Socrates holds that all evil is inutile, though not in any worldly way, but because, slowly but surely, it turns the soul bad, hence the soul begins not to know truth from falsehood. All is power, all is crass utility. In response to the utilitarian idea, Socrates says to his accusers: “a man who is good for anything ought not to calculate the chance for living or dying; he ought to consider whether in doing anything he is doing right or wrong–acting the part of a good man or bad” (40). Socrates is claiming that goodness is beyond utility, that he is morally good, and finally, that the common opinion that goodness is utility is false.
In the Apology, Socrates affirms; “young men of the richer cases, who have not much to do, come about me of their own accord. They like to hear the pretenders examined. . . .they are plenty of persons, as they quickly discover, who think they know something, but really know little or nothing. . . (33). This is behind the charges against Socrates. Socrates, speaking of himself and his mission, says to the judges “I am that gadfly that god has attached to the state; and all the day long and in all places I am fastening upon you, arousing, persuading and reproaching you. (43).
Many things are said here about his method. A. Socrates says nothing about any positive philosophy. This is not the point. He is not unaware of the utility of the crafts that he takes apart in debate, but, for the good of the city, he is forced to make his opponents realize the true ground of the goodness of their craft. B. Socrates sees Athens in trouble. The tyranny, the mass democracy and the predictable rise of sophistry means that power and only power (whether military, financial or persuasive) is operative.
If this is true, than moral goodness will be prostituted to the state. In the long run, this will lead to the destruction of the state and its famed liberties, since moral goodness will be defined as loyalty to one political faction or other, each faction seeing Athens as a means to financial or political advancement. Not real city can function with those sorts of divisions. Hence, Socrates, unbeknownst to his opponents, is a true patriot, seeking the moral betterment of his people. C. By “god” it is likely that Socrates means “world of forms.
As Khan said earlier, the usage of common terminology is a strategy where he may gain acceptance. By the use of “god” he is talking about ultimate Truth (which he alone serves) in language that the common folk of Athens could understand. It is possible that Socrates viewed the Olympian pantheon as a popularization and “folkloric” method of understanding the forms. *** When Socrates is grilling the unfortunate but well intentioned Euthyphro, there is a passage from Socrates that strongly hints that his negative approach is leading, at some future time, to the positive ideas of the forms.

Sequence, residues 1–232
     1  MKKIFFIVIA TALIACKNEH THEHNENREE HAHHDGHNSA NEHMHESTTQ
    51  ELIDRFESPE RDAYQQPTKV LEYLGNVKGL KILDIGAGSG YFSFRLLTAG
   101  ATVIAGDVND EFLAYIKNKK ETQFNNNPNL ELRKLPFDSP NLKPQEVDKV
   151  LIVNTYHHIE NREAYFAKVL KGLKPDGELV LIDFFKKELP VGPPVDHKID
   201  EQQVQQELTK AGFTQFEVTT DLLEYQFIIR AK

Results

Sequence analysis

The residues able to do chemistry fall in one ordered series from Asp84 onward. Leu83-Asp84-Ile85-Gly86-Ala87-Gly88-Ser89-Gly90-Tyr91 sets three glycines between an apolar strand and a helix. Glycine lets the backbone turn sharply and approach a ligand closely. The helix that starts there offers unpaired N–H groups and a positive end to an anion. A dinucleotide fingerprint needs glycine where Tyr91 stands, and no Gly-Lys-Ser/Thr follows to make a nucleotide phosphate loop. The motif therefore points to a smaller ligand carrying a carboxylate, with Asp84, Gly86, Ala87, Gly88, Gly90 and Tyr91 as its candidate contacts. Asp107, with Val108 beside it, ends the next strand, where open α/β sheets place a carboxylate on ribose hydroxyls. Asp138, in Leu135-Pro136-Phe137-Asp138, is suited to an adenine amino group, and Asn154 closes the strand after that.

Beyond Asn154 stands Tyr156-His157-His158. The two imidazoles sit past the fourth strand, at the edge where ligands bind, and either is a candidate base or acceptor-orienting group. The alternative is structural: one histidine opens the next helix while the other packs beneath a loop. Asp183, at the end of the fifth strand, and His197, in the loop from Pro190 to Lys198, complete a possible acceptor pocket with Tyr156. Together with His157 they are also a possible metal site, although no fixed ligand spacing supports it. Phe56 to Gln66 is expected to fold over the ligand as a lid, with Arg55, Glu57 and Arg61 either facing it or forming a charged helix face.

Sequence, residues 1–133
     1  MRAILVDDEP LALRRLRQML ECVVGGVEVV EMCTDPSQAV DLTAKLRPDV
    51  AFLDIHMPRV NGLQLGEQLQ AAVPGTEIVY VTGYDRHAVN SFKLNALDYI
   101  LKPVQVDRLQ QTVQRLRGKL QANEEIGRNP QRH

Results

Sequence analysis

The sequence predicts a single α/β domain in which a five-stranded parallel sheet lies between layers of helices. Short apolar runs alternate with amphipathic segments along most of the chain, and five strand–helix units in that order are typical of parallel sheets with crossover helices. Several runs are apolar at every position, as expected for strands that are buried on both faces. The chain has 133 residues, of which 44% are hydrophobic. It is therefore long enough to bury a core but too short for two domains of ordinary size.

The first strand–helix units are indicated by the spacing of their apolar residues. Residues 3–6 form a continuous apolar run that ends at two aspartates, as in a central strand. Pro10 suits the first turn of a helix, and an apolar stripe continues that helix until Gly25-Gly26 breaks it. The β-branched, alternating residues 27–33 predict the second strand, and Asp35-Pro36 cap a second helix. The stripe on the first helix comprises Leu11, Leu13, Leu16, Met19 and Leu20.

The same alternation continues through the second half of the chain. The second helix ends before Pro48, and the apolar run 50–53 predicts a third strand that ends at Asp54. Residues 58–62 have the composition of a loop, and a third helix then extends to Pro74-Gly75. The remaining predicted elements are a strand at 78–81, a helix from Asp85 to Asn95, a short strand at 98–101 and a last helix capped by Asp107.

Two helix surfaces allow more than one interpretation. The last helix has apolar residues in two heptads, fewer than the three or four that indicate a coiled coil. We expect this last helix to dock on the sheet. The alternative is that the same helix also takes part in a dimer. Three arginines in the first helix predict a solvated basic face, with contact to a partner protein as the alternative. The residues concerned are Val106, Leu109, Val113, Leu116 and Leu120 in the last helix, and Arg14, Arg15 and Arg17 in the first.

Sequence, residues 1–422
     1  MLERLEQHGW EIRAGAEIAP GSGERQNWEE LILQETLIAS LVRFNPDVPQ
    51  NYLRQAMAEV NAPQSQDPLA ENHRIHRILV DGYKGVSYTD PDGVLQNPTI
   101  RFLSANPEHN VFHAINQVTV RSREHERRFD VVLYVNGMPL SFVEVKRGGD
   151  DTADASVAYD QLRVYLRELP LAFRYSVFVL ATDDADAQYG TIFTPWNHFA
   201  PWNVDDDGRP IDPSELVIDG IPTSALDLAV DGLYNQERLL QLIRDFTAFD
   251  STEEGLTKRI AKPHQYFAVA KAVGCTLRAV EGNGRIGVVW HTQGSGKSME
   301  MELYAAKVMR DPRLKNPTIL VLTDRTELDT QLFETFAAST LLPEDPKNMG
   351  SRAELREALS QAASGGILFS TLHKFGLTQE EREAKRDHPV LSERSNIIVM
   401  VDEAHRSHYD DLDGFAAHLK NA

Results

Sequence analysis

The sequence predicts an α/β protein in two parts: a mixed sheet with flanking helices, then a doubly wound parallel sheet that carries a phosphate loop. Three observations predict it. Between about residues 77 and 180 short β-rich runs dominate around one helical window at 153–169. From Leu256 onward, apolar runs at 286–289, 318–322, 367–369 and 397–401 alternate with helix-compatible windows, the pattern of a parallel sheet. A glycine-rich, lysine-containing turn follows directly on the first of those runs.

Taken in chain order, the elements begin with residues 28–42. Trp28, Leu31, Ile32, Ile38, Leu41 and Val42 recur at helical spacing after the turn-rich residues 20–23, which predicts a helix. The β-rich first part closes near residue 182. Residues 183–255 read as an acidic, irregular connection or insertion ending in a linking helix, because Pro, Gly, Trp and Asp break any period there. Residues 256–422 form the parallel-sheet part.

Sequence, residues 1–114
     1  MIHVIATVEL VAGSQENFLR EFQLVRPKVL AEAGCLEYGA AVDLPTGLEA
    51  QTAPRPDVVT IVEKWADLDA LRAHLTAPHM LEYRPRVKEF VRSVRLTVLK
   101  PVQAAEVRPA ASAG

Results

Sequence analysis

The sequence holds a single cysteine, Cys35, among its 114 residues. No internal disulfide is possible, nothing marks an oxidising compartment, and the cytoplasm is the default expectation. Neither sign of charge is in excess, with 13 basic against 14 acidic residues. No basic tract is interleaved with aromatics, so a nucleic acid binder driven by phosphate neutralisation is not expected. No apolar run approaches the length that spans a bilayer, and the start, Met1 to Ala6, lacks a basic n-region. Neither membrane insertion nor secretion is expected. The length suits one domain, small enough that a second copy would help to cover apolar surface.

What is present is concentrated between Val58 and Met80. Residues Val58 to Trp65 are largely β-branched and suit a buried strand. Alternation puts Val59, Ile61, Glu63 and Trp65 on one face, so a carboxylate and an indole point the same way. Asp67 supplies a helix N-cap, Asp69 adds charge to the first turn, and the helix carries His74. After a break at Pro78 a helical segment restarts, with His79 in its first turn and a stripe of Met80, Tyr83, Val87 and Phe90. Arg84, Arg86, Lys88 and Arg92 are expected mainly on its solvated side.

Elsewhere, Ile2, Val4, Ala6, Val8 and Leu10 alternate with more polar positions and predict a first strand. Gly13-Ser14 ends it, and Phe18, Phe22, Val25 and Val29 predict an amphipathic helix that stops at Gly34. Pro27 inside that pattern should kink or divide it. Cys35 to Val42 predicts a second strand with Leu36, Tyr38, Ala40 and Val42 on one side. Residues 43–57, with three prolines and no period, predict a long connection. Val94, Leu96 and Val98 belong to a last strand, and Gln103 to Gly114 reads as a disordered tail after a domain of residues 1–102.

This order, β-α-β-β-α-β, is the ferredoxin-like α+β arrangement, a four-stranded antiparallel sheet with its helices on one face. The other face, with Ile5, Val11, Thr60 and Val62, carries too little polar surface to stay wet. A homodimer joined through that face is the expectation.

Socrates says to his opponent, speaking of pious acts “The point I should first wish to understand is whether the pious or holy is beloved by the gods because it is holy, or holy because it is beloved by the gods” (12) Outside of the Crito, this is the most suggestive passage in the early dialogues concerning a foreshadowing of later, positive doctrine. Here, Plato is giving, in sharp relief, the distinction between the Platonic idea of Truth and the common, utilitarian Athenian view. The sophist would claim that the former is the case.
That something is holy because it is loved by the gods. The power of the gods is accepted as arbitrary and unquestioned. Hence, the only thing to do is to is to figure ways to place them, and hence acquire various profits in so doing. That is the opposite of what we call Platonism. What is more important is the critical part. Instead of merely accepting that what his holy is holy because the gods love it, one must find out the nature of the holy, to which then the gods then must conform. Nothing is more Platonic than this distinction.
The first is reflective of the power hungry Athenian state. The famed politicians, bankers and priests want power, thus, if you are a citizen, you do what you can to please the powerful, and hence become famed yourself, and promoted through the system. This is the world of power and prostitution. Power and profit are taken as good in themselves, and hence the powerful are off the intellectual hook. Platonism is reflected in the idea that there is a concept of power, and, beyond that, the Good by which power is thus justified that would force a ruling class to conform their behavior to.
Once the philosopher can provide an outline of this Goodness in relation to power (the Republic and Statesman), or the mode of being that a ruling class must conform to, then one’s life can be called rational (politically speaking). This passage in the Euthyphro then, points to a much later development in Plato’s ontology: There is a Good that the Gods love. The only reason the Gods love it is that it is Good, hence the gods (assuming Plato believed in them) are to be emulated only because of the Good, not because they are gods.
The political ramifications of this are staggering, and it is easy to make an argument that the political ramifications of the question of piety (especially given the nature of the charges against Socrates) are designed to reorient the mind of Athenian youth to the Good, rather than to power. The powerful seek to define the good for themselves, invariably, of course, defined as what is in their own interest. Hence, if this terrible state of affairs is to be avoided, the nature of the Good must be outlined. But in these early dialogues, only hits are being dropped.
University/College: University of Arkansas System
Type of paper: Thesis/Dissertation Chapter
Date: 22 November 2016